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Brookes Active wants to help the entire Oxford Brookes community find their way onto campus using active travel options, whether that be walking, cycling, scooting, or any other active method of travel - whilst helping you bypass public transport, leave your car at home, and get a little bit fitter in the process.
Active Routes are entirely user generated and submitted by people who have travelled them, rather than simply looked up the most direct route on a map, so come with the recommendations of colleagues and peers.
Of course, we are always looking to expand our catalogue of Active Routes and greatly appreciate any input from the Oxford Brookes community. If you use active travel to get onto campus, please submit your routes using the Active Routes Google Form.
If you have any questions about Active Routes, please email Brookes Sport Marketing & Engagement Manager, Mark Mackintosh.
Walking gives you an opportunity to take in your surroundings like no other method of transport, so why not start taking photos along the way. Maybe start a photo competition within your office or with a group of friends?
Plan your route in advance - Google Maps is great to give you an approximate time of arrival, but will generally send you along main routes - feel free to play about on their platform to adjust the route to your preferences.
Sensible shoes - You can always leave smart shoes at the office and throw on a pair of comfortable trainers or boots for the walk to avoid any blisters, particularly if you haven’t walked that far for a while.
Carrying your things - for anything more than ten minutes, a backpack is far more comfortable than a briefcase!
Safety is a relative term when it comes to cycling on the road, and all of the precautions and safety equipment cannot mitigate the behaviour of some other road users, but we do have tips to help make your commute a more enjoyable experience.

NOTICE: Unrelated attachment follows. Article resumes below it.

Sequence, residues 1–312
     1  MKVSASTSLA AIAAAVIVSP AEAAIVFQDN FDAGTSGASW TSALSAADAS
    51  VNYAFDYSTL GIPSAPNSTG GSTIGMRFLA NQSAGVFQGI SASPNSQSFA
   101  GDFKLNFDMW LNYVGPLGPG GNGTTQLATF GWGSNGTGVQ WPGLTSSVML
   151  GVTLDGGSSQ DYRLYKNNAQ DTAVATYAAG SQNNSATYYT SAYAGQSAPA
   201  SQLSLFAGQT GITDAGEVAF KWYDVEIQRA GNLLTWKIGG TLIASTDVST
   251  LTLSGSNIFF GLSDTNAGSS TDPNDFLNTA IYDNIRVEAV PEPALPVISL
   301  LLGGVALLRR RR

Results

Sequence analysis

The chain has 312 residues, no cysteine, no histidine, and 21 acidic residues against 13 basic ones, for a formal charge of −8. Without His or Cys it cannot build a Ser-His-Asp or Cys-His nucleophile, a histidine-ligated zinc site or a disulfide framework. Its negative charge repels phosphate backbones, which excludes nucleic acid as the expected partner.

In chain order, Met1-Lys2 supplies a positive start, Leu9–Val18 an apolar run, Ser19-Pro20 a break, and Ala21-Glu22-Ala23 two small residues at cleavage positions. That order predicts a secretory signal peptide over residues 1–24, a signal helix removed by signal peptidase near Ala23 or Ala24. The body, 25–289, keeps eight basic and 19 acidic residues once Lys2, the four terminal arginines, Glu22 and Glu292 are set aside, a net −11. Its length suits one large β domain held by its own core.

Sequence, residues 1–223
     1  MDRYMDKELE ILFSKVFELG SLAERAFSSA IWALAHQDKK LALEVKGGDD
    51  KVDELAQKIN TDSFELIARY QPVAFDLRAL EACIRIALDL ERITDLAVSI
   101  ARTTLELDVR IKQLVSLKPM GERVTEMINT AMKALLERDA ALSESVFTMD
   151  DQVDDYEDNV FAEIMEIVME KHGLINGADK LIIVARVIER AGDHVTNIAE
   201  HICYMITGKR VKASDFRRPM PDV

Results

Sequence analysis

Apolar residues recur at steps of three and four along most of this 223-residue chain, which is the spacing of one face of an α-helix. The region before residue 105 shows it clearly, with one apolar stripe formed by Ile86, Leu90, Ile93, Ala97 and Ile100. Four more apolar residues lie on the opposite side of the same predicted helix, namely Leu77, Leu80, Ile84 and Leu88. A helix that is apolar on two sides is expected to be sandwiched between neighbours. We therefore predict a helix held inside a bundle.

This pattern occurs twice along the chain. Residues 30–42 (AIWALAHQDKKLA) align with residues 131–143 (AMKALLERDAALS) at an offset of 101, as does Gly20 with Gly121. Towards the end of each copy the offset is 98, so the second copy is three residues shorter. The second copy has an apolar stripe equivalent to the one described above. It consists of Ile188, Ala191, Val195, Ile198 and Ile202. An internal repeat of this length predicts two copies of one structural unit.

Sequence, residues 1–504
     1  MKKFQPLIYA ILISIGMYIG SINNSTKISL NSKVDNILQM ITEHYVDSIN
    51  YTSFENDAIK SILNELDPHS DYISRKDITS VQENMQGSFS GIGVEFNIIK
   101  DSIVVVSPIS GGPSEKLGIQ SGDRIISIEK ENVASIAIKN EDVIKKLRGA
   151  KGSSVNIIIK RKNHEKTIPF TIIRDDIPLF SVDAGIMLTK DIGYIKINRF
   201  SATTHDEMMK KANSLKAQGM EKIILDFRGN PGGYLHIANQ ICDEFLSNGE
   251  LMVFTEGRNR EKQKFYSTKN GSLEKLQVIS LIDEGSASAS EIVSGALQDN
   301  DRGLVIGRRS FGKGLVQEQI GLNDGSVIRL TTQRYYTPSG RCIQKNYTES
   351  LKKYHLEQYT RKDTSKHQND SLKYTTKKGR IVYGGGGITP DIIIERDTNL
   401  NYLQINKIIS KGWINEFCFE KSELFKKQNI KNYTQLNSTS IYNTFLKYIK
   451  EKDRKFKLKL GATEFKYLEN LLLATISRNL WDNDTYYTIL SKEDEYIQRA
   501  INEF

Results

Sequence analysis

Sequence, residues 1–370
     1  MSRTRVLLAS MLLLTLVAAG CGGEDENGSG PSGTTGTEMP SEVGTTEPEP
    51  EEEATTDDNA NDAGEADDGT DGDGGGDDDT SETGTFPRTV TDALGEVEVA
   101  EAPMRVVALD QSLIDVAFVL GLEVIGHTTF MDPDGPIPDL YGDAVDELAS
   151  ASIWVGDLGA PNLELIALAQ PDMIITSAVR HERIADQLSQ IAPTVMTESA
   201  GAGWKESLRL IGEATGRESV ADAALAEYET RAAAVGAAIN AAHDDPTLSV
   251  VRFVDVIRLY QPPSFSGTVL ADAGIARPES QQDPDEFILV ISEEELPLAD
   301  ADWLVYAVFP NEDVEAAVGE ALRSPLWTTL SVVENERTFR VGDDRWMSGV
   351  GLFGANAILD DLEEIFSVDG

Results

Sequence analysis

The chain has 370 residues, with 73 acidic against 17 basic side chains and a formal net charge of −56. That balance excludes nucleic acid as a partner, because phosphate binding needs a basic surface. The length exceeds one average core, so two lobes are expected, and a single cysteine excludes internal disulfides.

You don’t have to do it all at once - If you haven’t cycled for a long time, consider starting once a week and then increasing the frequency as you get more comfortable. Or use a park and ride, but using your bike instead of the bus.
Smile or wave a hand to other cyclists - this is already commonplace with those who ride for exercise or sport, but is also a great way to show other cyclists who may not be as experienced on the road that they are welcome.
Try not to ride in the gutter - regular cyclists will already know about the wide and diverse variety of potholes available across Oxfordshire, but if you find yourself needing to avoid a particularly large chasm, riding out from the kerb or verge gives you options to avoid it. Riding more centrally in your lane can also help to discourage impatient drivers from overtaking too closely.
Explore - While some routes are listed on this webpage, there are plenty more options which you might find more enjoyable. They might have more/fewer hills, there might be a better view of the countryside, or they might offer better protection from the wind.
Wear suitable clothing - wear whatever you feel most comfortable to cycle in, whether that’s a full lycra aero suit, or a summer dress. Of course, for longer rides, a pair of padded shorts can make a world of difference - and remember to take a peek at the weather forecast in case you might want to bring something a little warmer with you!
Pack tools/spares - Not quite so essential when on shorter rides, but for longer journeys, make sure to pack a few things in case you need to stop to make a quick repair. For more complex mechanical tasks, almost anything can be fixed with a mobile phone (with location services turned on!)
You can find more tips on the Cycling UK website
Whether you are heading to the bus stop, or from the car park to your office, everyone is a pedestrian until they get into a vehicle, so why not extend that time spent moving where possible to make your trip more active?
Please note, some walking routes unfortunately may not be wheelchair or disability accessible depending on the public infrastructure - please take a look at the route descriptions below for further details.
Most car journeys cover less than 5 miles, and with Oxfordshire being a relatively flat county (perhaps with the exception of our Headington and Harcourt Hill campuses!), there is huge opportunity for cycling to take the place of many of these journeys. Particularly if your route takes you through the middle of the city, cycling can be a quicker way to get from A to B, and many new infrastructure projects in the county are focused on getting people onto two wheels.
Kidlington to Headington route description